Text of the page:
Saturday, February 25, 2017

Martina Johnson, War Criminal - “Operation Octopus,” Liberia, 1992


Belgian police arrested Martina Johnson in Ghent on September 17, 2014. She is charged with war crimes and crimes against humanity committed during the First Liberian Civil War (1989-1997). The arrest resulted from a 2012 complaint – which focused heavily on Operation Octopus – made against Johnson filed in Belgium by Liberian victims.

Included in these crimes specifically those which occurred on October 20 and 23 during the 120-day long “Operation Octopus”

Martina Johnson was identified as one of the leaders of Operation Octopus, launched on October 15, 1992 by the National Patriotic Front of Liberia (NPFL) headed by ex-president Charles Ghankay Taylor, “a brutal battle for Liberia’s capital city, Monrovia, in 1992 that killed thousands and saw extensive rapes and looting by the NPFL’s Small Boys Unit.”

According to Barbie Latza Nadeau, of The Daily Beast, “The nuns were allegedly murdered under the sinister direction of Martina Johnson, one of Taylor’s only female artillery chiefs and a frontline commander who allegedly carried out many of his hits during Operation Octopus.”

Among the war crimes were the assassinations of five American nuns which took place October 20 and 23, 1992:

Oct. 20, 1992 – “Sister Barbara Muttra and Sister Mary Joel Kolmer were shot in their vehicles along with a Liberian colleague and two relief workers, apparently as part of the Operation’s agenda to rid Liberia of whites and those who worked with them.”

Oct. 23, 1992 – “fighters came to the convent where the remaining sisters lived and first attacked Sister Kathleen McGuire when she was summoned to unlock the gate by a killer identified as Mosquito, who shot her first and then shot the other two before mutilating their bodies with a machete.”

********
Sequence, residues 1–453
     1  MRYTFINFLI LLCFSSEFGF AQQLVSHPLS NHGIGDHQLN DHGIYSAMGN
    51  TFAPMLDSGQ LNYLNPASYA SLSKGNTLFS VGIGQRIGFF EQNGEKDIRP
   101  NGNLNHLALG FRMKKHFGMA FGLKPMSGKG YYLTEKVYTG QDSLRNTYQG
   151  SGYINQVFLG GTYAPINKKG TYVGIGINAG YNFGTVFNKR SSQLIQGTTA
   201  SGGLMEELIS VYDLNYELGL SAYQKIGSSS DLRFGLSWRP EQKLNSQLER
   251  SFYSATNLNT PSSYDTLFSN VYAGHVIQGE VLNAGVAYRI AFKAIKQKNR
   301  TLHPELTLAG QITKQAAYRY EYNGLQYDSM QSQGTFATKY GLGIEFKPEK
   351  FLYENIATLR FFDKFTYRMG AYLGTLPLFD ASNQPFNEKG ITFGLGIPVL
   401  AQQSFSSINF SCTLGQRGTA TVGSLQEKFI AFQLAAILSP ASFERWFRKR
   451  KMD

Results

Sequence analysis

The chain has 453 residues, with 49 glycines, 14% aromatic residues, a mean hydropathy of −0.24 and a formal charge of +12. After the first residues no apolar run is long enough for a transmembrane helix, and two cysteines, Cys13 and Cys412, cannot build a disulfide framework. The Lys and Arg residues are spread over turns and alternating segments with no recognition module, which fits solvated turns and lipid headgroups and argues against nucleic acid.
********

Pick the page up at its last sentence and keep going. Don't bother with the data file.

The bodies of the murdered nuns were only discovered a month later, after the fighting had lulled.

She is only the second person to be charged for crimes relating to the country’s two civil wars that spanned 14 years. In 2012 Charles Taylor, at the age of 64, was convicted some of the “most heinous and brutal crimes in human history” and sentenced to 50 years in prison.

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EXCERPT: Massacre in Margibi – Summary Execution at Horton’s Farm, Kakata, Margibi County in October 1992: Martina Johnson, NPFL artillery commander ordered the execution of 23 persons arrested in Bong Mines as suspected fighters of ULIMO. Massacre at Firestone plantation, Margibi county on December 26, 1992: Joseph Zackor, alias “Gen. Zack”, Nixon Gayor, Francis Duanna and men assigned with them massacred 35 persons at the Firestone Plantations, division No. 31 while escaping the ULIMO incursion in Kakata. [Josephus M. Gray, “Let Justice Prevail In the Spirit of TRC Not Amnesty,” Front Page Africa, Oct. (?) 2015]

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SOURCES

Patric Foryoh, “Belgium arrests Liberian ex-rebel commander,” The On Line Salone Report, Sep. 19, 2014.
Barbie Latza Nadeau, “Caught: Female Assassin Who Allegedly Murdered Five American Nuns,” The Daily Beast, Sep. 22, 2014.

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